The Hippy Pie and The Sweater Curse

Today I have made The Hippy Pie of All Hippy Pies. It is so worthy, so ethnic, so beany and so wholefoodsome that even the most stony-hearted carnivore may be swayed to the vegan way by its earthy brown, splodgy charms. Not that I have any plans on converting anyone, or on giving up sausages or on going veggie or anything… but sometimes the thought of campfires, barefootedness and the dreaded style suicide of boho scarves and flowing skirts call strongly to my Felix Heart.

On such occasions, I must cook beans. There is no other way. I must cook beans and lemons. And garlic. And spinach. And bay leaves. And make stuff in a way that involves tasting the pot every few moments and licking the spoon and adding more salt, sweet, bitter, sharp until it tastes just perfect. This pie is made from moth beans, (I had to buy them because of the name) spinach, fresh coriander, loads of herbs and spices, lemon, garlic, carrots and onions, and it has a layer of herby mashed potatoes with sweet potatoes added in on top, and poppyseeds sprinkled on.

This kind of cooking reminds me of my mother as I remember her when I was about eight years old. She had a wholefood cookbook that she would periodically experiment with in amidst making toad-in-the-hole, (Fergus’ favourite) tuna fish pie, (Pops’ favourite) and yorkshire puddings (Ned’s favourite.) Thad wasn’t born then, and I loved everything she cooked so much that it is impossible to name my favourite thing. It seems sad to me now that in the years of endless nourishment I never learned of my mother’s preferred dishes amidst all she cooked, but it is my belief that she very much enjoyed her explorations of the wholefood cookbook. Subsequently, I have no fear of Hippy Food as it was always a part of my childhood, a way of sneaking some roughage and vitamins into a diet which also involved quite a lot of microwaved golden syrup sponge and fish fingers*.

My mother had lots of African-print skirts and floaty scarves and amazing blouses left over from her youth which I snaffled up as a very small girl for my dressing-up basket. The clothes made their way into my actual wardrobe during the teenage years. I got told off on the no-uniform day at school for turning up in bare feet and a long muslin dress but I thought I was fabulous thus garbed, floating through the corridors looking mystical and deep. I listened to The Doors, wrote atrocious poems about The Moon, and at some stage I painted a painting of myself as the naked Sun rising up through Stonehenge, with the upright stones of the circle being carefully positioned to protect my modesty.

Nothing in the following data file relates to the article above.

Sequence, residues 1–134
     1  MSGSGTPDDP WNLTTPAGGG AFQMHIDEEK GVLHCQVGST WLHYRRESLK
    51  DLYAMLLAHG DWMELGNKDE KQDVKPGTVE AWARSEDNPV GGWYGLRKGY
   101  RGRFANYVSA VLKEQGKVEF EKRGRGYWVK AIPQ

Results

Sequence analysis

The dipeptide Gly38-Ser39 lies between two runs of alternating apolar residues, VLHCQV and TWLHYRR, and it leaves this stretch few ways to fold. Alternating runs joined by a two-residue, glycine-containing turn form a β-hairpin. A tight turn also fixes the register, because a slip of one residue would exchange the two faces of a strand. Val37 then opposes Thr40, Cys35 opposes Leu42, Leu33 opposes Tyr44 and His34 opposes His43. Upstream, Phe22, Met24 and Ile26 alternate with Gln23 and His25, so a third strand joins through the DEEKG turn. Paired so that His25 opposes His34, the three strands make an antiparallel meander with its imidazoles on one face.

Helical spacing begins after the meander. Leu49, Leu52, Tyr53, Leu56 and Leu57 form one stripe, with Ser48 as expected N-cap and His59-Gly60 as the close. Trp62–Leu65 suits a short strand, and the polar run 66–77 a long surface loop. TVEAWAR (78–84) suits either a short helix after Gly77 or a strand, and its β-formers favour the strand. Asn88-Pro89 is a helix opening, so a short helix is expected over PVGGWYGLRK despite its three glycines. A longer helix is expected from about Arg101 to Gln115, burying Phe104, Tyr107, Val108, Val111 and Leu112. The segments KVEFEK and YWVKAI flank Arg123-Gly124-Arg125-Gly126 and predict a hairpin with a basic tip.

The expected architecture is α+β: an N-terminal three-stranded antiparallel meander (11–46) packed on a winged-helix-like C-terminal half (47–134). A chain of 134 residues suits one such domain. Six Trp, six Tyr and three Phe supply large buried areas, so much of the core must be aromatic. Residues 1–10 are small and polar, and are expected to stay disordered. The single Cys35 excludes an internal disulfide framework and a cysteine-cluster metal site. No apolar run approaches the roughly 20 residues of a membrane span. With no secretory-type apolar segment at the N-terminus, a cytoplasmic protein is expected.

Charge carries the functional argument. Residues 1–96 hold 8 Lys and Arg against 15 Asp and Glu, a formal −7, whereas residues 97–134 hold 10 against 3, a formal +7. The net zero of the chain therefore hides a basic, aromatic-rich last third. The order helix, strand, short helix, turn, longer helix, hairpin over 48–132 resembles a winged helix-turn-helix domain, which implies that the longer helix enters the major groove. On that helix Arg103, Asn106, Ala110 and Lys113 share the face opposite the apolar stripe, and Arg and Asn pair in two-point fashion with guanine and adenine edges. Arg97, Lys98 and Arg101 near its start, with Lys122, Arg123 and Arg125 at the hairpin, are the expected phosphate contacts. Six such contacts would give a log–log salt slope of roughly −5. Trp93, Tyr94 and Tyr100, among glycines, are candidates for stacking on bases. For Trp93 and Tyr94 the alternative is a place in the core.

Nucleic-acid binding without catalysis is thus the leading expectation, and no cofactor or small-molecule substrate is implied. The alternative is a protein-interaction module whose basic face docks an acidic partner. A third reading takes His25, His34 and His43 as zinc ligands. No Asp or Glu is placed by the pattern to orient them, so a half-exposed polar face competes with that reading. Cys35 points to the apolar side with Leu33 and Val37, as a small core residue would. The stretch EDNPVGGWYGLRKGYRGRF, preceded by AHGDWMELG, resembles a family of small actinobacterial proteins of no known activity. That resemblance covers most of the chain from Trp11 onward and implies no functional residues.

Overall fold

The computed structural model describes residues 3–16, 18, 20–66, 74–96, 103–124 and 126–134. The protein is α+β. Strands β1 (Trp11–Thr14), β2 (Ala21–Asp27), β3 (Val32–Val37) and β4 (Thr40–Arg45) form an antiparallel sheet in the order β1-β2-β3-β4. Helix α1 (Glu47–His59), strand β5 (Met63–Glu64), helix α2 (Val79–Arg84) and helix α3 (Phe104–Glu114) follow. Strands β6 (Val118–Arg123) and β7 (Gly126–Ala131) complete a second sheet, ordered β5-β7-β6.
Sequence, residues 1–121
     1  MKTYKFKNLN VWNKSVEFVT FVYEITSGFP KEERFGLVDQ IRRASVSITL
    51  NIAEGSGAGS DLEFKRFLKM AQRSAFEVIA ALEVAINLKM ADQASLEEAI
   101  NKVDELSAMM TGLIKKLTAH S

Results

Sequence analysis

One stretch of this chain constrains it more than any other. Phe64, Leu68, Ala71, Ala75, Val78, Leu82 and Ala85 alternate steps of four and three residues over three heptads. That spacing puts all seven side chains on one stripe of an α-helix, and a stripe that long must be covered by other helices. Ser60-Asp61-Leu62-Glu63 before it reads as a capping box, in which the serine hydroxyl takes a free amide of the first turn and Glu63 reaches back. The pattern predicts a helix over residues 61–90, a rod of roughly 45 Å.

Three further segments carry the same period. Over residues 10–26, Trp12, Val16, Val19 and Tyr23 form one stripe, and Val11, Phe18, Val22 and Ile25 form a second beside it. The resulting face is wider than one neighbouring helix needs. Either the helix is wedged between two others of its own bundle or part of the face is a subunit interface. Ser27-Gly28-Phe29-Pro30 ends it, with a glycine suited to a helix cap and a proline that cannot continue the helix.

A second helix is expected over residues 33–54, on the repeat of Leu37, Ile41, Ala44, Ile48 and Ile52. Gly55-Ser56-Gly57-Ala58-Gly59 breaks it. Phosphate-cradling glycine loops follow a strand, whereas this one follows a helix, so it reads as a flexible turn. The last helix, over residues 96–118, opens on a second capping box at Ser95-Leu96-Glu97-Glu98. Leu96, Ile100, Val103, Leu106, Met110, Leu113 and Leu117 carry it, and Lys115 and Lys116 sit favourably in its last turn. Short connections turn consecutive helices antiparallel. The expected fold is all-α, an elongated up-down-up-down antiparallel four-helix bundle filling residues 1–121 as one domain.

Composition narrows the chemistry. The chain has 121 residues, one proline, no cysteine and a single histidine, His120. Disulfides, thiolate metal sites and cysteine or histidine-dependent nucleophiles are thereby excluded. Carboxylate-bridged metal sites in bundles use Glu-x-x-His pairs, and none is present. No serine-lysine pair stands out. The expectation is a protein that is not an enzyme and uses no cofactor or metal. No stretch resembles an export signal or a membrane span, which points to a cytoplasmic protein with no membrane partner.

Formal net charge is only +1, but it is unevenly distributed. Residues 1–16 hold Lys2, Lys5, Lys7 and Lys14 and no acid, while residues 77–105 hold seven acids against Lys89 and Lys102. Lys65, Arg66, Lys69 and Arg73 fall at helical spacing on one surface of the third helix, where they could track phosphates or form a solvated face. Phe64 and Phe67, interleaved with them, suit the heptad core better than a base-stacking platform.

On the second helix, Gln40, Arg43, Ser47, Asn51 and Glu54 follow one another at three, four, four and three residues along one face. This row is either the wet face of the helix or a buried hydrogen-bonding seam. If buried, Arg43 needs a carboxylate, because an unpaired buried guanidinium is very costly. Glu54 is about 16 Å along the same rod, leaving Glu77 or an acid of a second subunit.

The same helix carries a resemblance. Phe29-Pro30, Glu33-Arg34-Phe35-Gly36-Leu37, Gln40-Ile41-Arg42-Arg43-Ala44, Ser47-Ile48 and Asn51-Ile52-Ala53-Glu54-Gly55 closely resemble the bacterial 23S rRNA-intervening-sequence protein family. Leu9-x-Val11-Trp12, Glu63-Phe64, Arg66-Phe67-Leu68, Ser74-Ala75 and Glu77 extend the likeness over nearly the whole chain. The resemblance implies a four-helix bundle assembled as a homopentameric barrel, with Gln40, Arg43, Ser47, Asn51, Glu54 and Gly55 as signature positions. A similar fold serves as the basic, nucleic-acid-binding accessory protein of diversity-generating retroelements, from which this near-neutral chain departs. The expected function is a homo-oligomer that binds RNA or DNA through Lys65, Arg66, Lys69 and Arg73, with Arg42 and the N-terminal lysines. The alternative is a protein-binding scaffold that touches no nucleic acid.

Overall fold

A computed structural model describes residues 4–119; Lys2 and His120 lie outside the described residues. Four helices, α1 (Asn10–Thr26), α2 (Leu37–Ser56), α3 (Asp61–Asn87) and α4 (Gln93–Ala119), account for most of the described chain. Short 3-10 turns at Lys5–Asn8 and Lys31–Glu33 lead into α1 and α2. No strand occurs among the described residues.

Looking back on all this hilariousness I find myself imagining my Mum when she was younger than I am now, with her small children and her floaty skirts and her wholefood cookbook. I feel a lot of love for the earnestness of the cookbook and I remember my Mum in those times as the Goddess of Everything with her very long hair and ethnic prints. I believe these formative memories shape us forever, and so I am destined always to have this regressive, mother-goddess-worshipping Bean-casserole making aspect to my character.

Today I embrace this.

I think a major causal factor in these tender rememberings was the powerful force of wearing Rachael’s Jumper last night when I dressed up for her Friday the 13th Superstitions party as The Sweater Curse.

I really enjoyed being The Sweater Curse for one evening and Rachael’s jumper infused me with teenage angst since she knitted it during a period of suspension/expulsion from school, and the design was based on a really crap jumper she saw a man wearing in Camden. Made entirely from charity shop oddments in cheapest grades of acrylic, it is a masterpiece of Punk/Hippy style fusion. It’s powerful energies were strengthened during an ill-fated exchange trip to France in which Rachael’s bag (which only contained pants, art materials and this jumper) was destroyed when a tin of cow gum split open inside it. The jumper has a very stiff patch on the front as a result of the glue spillage, and apparently after the incident, Rachael’s pants got stuck to her jumper and thus dressed, she went to sit on Jim Morisson’s Grave and smoke.

Kudos.

So there was much remembering and nostalgia for our silly younger selves last night, and a lot of love. I don’t know if we are any less silly nowadays… Rachael was dressed as an umbrella open indoors, Louise came as a kind of S&M leprechaun, and Rosemary dressed up as a lucky penny. Her boyfriend came as a wishing well which was truly a sight to behold, but it was too dark in the club to take a photo of this. You’ll just have to imagine it. I believe he used empty takeaway cartons secured onto chicken wire to constitute the bricks that go around a well.

I hope all the fun and happy memories and love of teenage hippyness have made their way into The Pie. I am going to take it to Ellen’s house today for her Pi day Housewarming, and spread the beany joy around a little.

I might see if I have a floaty skirt hanging about somewhere…

*not eaten together as one dish.

3 Responses to The Hippy Pie and The Sweater Curse

  1. caro says:

    Pie looks amazing. The jemper story made me laugh so much. especially the pants getting stuck to it!
    xx

  2. colleen says:

    I’ll look out for moth beans – I’ve never heard of them before. Perhaps I’d feel like I was wreaking revenge on the varmints…

    The Sweater Curse outfit is fab, by the way.

  3. Pingback: The Domestic Soundscape » Blog Archive » Mother’s Day 2009

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